My work and teaching interests can be broadly categorized under the realms of popular geopolitics, digital humanities, media technologies and the creation of space. I am working on projects looking at the role of late-night comedians in framing geopolitical issues, examining social media humor for its geopolitical content and framings as well as media framing of drought in the southwestern United States. The approach and research methodology varies, from the critical interpretation found in critical geopolitics to text mining in order to understand temporal changes in framing issues.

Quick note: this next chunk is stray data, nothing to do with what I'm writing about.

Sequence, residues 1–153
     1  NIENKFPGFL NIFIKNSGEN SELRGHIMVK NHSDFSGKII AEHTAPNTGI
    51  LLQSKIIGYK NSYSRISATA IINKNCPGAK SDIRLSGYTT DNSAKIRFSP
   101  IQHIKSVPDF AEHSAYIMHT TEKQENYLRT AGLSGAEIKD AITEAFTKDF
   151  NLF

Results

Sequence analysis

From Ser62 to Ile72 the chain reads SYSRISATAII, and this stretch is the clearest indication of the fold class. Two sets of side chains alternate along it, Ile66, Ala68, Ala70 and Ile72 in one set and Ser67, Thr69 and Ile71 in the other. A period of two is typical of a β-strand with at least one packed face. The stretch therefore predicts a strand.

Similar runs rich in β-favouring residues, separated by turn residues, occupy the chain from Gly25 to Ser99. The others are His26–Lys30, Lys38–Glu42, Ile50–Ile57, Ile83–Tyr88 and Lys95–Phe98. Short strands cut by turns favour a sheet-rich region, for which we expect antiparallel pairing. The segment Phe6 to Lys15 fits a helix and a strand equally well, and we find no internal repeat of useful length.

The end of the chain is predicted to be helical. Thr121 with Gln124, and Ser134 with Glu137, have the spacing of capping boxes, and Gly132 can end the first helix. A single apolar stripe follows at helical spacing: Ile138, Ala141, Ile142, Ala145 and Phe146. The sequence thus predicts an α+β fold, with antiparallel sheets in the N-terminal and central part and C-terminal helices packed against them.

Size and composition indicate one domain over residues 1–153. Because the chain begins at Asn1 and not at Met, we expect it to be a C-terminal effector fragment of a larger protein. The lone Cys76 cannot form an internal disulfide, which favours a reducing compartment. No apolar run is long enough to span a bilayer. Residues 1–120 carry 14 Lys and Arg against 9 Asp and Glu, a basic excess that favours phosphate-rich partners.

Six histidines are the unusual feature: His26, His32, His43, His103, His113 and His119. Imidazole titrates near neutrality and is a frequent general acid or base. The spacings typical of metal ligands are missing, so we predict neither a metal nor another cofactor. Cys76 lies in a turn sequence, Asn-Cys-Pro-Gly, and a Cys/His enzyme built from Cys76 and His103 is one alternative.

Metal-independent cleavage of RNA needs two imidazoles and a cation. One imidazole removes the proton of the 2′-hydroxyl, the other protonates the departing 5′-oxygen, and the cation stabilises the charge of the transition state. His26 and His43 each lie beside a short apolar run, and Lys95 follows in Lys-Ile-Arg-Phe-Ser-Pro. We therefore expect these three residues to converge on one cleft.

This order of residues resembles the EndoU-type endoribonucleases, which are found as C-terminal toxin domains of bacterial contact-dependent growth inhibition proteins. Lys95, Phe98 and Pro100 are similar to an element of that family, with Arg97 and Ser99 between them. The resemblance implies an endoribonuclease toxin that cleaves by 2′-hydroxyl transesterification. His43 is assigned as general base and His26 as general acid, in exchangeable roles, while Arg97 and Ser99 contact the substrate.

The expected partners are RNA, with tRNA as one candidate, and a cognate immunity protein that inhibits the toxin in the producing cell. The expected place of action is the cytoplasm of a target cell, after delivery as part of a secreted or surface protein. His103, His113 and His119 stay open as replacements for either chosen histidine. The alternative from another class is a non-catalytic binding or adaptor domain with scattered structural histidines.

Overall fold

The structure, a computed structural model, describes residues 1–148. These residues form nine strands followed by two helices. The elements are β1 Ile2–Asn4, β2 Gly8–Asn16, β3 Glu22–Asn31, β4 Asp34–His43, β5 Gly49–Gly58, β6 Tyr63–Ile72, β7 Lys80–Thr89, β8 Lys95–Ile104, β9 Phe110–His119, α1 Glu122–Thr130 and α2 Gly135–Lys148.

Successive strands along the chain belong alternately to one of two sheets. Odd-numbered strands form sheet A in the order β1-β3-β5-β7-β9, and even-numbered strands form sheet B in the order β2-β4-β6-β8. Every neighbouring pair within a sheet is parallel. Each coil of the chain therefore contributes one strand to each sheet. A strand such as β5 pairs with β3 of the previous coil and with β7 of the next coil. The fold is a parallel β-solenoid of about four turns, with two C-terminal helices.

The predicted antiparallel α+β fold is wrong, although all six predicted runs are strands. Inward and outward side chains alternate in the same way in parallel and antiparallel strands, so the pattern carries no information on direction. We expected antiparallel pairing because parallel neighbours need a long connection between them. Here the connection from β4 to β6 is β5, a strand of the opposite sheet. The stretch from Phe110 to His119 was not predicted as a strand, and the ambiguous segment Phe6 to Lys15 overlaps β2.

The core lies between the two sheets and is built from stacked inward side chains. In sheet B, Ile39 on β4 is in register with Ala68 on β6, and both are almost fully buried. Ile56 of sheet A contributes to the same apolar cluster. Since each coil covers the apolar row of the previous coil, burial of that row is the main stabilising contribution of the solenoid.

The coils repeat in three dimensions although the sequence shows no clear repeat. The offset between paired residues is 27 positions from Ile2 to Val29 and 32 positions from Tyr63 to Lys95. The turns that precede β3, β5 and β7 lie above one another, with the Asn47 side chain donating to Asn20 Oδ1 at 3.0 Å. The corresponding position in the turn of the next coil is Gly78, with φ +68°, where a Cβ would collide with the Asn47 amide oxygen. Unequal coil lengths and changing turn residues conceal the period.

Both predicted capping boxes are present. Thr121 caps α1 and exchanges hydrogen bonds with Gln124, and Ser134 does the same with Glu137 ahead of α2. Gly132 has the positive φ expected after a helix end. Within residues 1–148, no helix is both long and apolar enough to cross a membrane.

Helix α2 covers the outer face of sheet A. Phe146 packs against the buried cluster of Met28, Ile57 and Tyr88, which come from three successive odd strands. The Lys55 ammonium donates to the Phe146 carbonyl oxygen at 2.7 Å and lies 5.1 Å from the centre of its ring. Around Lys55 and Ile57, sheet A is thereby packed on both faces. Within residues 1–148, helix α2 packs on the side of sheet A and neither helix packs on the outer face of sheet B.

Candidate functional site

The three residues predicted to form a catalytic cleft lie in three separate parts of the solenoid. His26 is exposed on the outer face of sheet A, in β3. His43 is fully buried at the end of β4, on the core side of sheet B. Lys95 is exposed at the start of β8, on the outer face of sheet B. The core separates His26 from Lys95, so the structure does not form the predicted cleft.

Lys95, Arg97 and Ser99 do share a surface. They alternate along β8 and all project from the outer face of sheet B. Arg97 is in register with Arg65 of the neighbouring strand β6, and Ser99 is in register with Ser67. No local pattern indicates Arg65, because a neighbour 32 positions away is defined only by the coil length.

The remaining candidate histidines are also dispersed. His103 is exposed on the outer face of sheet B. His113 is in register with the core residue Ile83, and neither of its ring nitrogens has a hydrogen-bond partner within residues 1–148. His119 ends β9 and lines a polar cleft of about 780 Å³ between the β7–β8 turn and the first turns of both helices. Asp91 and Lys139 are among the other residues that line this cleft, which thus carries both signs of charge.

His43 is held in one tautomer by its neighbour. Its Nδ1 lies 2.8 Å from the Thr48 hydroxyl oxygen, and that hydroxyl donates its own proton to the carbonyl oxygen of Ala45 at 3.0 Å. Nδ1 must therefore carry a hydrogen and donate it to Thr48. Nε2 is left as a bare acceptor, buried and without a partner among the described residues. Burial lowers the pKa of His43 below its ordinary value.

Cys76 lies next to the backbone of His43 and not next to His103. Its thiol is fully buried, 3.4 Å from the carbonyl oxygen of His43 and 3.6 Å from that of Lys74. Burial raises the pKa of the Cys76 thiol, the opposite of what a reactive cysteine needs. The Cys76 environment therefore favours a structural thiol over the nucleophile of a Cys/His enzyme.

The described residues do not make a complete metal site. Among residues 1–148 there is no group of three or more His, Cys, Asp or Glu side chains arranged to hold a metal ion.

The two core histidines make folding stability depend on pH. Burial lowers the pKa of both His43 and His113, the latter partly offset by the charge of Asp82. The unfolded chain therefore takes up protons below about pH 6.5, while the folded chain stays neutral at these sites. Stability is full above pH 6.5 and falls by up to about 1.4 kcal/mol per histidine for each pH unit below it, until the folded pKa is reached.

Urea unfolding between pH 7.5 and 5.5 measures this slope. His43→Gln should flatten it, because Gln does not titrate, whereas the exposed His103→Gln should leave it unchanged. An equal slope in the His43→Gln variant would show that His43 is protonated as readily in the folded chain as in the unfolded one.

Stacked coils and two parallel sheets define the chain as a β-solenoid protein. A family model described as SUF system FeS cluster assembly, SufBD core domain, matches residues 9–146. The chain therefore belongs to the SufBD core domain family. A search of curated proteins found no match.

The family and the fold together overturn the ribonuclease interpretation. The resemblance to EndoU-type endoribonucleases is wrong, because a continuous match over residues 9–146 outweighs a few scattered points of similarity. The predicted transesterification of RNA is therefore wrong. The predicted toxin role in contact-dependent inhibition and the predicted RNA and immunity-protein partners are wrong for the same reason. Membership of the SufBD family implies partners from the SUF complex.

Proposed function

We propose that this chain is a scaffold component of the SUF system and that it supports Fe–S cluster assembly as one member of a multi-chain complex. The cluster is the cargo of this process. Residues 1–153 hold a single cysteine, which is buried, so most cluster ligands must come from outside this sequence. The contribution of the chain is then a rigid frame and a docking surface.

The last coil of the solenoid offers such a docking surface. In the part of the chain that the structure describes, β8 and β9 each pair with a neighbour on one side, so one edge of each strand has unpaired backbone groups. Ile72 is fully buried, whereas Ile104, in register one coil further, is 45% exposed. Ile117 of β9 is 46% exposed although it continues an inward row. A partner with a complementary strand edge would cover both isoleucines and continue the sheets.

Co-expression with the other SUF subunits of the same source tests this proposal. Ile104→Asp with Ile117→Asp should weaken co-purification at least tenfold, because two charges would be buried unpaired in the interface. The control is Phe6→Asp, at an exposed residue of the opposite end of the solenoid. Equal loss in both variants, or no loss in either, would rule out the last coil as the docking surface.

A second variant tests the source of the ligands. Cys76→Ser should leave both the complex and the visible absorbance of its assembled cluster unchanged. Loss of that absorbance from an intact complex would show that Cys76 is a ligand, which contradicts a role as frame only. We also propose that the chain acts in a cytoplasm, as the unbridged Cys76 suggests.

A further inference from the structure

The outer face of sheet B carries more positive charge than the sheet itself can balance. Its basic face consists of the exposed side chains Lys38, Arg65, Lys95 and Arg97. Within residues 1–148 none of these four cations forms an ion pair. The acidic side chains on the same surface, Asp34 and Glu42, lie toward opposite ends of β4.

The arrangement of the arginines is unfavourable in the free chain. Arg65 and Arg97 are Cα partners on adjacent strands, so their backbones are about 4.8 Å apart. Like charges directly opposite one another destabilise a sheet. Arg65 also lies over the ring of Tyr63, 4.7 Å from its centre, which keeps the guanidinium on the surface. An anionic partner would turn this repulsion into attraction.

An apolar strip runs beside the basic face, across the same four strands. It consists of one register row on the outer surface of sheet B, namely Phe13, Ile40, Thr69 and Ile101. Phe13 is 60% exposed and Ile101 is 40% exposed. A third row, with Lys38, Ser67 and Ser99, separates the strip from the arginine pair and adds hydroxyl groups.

These research interests stem from three sources. The first reflects growing up as a child of the Cold War and realizing that the media really did frame my understanding of our enemy, the Communist countries and by extension, my understanding of the globe. The second was being introduced to the idea of study communications geography by Dr. Stanley D. Brunn in a seminar dedicated to exploring the intersections. He always believed that communications scholars could teach geographers about processes of placemaking and vice versa. The final influence was stumbling on a dissertation topic while I was on a Fulbright year in Hungary. The idea of how people would promote Hungary to change its image and shed the Communist past extended to this new technology known as the Internet. My focus shifted to Slovenia due to its unique history of never experiencing independence before the 1991 breakup of Yugoslavia, resulting in a monograph examining Slovenia’s web presence that would shape my dissertation fieldwork. I have to thank Drs. Barney Warf, Janet Kodras and Jonathan Leib at Florida State’s (FSU) Department of Geography for supporting a topic that some felt was not geography, as well as Dr. Stephen McDowell (FSU Communication), Dr. Michele Jackson (FSU Communication, now Associate Provost at the College of William and Mary) and Dr. Myron Gluck (FSU LIS, Retired from Virginia Military Institute) for helping frame my thoughts about information technologies in an interdisciplinary manner.